Henry Morley and His Stirling Landscape Paintings

Henry Morley was an influential Stirling artist. He was born in Nottingham in 1870 and trained in Paris before studying in Stirling with Joseph Denovan Adam the renowned painter of Highland Cattle. Henry Morley chose to live in the Stirling area and married the rectors daughter and artist Isobel Miller Hutchinson in 1901. Henry and Isobel Morley were leading lights in the arts & crafts movement, to the extent that they commissioned Crawford and Fraser to build the arts & crafts house, The Gables, St Ninians, into which they moved in 1910. It seems they were very much at the centre of Stirling society and entertained artist and designers at the heart of the Scottish arts and crafts movement such as Charles Rennie Mackintosh. The impact of the Henry and Isobel Morley in the area is still very evident even today with Morley Crescent in Stirling being named after them.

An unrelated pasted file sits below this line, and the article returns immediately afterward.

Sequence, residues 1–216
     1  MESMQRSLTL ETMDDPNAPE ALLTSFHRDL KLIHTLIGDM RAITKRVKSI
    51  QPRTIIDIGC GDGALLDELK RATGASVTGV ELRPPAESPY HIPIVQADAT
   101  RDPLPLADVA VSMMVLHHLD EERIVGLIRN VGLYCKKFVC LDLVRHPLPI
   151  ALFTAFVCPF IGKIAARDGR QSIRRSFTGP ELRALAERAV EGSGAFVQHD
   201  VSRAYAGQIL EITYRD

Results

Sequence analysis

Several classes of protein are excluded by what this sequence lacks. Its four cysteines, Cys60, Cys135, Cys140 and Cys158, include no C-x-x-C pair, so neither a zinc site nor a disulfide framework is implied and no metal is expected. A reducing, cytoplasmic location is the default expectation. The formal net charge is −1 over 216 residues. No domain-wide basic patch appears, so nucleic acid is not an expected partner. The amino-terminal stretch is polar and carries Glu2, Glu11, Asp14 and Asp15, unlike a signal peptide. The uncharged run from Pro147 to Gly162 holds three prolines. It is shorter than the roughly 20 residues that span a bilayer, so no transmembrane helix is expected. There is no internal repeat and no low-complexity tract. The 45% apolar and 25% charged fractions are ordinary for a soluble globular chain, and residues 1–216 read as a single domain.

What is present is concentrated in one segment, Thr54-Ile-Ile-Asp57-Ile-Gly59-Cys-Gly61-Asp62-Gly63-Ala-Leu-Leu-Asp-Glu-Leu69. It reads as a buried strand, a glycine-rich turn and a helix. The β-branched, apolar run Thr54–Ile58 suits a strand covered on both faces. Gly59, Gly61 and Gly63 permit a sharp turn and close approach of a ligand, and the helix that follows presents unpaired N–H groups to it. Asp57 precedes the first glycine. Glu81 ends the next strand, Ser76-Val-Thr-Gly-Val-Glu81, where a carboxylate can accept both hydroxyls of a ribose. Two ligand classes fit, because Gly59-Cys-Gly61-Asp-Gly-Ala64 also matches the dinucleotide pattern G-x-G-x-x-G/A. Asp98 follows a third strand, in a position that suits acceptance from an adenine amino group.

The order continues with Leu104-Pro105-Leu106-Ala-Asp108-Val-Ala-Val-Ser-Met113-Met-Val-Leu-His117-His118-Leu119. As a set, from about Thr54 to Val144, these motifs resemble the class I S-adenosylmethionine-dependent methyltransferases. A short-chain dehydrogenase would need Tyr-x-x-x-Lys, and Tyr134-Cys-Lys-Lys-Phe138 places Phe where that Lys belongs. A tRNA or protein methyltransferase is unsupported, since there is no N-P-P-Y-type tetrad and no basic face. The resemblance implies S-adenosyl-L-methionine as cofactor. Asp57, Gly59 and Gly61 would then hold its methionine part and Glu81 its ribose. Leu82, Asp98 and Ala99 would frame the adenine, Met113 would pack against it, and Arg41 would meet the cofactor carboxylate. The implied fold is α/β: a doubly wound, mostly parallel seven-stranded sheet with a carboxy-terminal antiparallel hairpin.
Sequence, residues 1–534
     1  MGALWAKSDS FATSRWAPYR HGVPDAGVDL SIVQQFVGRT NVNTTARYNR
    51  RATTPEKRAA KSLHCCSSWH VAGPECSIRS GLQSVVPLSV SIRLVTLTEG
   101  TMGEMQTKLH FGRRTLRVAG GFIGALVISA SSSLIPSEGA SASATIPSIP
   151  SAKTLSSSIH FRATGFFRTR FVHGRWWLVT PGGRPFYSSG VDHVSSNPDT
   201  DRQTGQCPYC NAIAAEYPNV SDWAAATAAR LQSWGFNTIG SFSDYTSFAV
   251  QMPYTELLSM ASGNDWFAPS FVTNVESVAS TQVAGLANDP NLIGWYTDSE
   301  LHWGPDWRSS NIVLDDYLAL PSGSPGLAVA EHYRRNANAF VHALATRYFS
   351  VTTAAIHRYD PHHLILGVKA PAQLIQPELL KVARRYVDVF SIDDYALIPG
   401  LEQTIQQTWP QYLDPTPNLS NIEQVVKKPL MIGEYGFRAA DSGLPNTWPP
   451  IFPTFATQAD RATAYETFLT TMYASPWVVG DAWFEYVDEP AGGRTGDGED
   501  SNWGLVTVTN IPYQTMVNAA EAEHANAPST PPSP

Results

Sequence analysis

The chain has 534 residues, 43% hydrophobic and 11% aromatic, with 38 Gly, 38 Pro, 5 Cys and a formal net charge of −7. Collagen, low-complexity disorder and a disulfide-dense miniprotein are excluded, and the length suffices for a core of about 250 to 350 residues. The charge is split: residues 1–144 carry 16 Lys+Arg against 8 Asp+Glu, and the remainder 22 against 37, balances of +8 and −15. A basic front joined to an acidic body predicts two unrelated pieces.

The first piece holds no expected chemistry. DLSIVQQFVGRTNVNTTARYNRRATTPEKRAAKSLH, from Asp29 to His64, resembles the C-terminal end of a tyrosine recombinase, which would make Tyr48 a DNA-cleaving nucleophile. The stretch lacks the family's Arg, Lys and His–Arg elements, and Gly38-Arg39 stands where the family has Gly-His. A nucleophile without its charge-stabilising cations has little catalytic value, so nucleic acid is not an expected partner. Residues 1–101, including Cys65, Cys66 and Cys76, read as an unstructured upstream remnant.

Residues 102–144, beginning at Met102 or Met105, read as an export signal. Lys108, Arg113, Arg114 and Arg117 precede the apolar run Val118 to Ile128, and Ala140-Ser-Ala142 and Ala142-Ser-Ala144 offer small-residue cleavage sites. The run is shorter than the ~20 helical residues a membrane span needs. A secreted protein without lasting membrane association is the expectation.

Henry Morley mostly painted recognisable Stirling rural landscapes, in which he often captured the work of agricultural labourers (See Figure 1 “The Horse Pond”). His work was well liked in the Stirling area and he sold many of his works locally via exhibitions at the Stirling Fine Arts Association held in The Smith Institute (now The Stirling Smith Art gallery & Museum). More recently (2005) the importance and popularity of his work was celebrated in a large Henry Morely dedicated exhibition in the same location.

The Horse Pond, Oil on Canvas, Henry Morley Circa 1934 1Figure 1 The Horse Pond, oil on canvas by Henry Morley. The painting depicts a Stirling rural scene agricultural workers watering horses at “The Horse Pond”. The painting is 14 inches (35.5cm) X 17 inches (43.18cm) and is presented in its original glazed frame. The reverse of the frame carries a label from the Stirling Fine Arts Association showing the title of the work (The Horse Pond), the artists name (Henry Morley), his address (The Gables, St Ninians, Stirling) and also the date of the exhibition (16th January 1935).

 

 

 

 

 

 

 

 

 

 

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